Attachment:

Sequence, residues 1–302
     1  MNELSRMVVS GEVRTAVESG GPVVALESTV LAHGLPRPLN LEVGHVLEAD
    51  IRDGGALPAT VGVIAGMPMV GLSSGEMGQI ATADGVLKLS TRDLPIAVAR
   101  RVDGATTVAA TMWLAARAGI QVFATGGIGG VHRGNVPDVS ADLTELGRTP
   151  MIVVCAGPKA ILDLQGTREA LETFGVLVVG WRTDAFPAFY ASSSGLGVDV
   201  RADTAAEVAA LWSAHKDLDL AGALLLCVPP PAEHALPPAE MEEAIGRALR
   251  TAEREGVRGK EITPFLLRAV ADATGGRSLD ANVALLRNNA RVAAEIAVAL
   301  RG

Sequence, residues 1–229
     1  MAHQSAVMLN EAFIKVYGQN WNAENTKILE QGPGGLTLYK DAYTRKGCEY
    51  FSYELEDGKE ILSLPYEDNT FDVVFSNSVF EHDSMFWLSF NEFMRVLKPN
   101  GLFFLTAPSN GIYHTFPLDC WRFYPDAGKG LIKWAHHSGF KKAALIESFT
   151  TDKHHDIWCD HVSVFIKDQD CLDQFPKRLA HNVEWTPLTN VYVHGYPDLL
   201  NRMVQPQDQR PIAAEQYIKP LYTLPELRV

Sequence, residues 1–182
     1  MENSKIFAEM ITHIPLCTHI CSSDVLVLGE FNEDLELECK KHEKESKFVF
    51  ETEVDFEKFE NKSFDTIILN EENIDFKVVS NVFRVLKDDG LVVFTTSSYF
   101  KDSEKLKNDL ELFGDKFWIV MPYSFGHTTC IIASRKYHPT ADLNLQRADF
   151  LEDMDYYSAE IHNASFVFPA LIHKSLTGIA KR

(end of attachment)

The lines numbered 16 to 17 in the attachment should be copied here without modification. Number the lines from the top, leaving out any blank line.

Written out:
     1  MENSKIFAEM ITHIPLCTHI CSSDVLVLGE FNEDLELECK KHEKESKFVF
    51  ETEVDFEKFE NKSFDTIILN EENIDFKVVS NVFRVLKDDG LVVFTTSSYF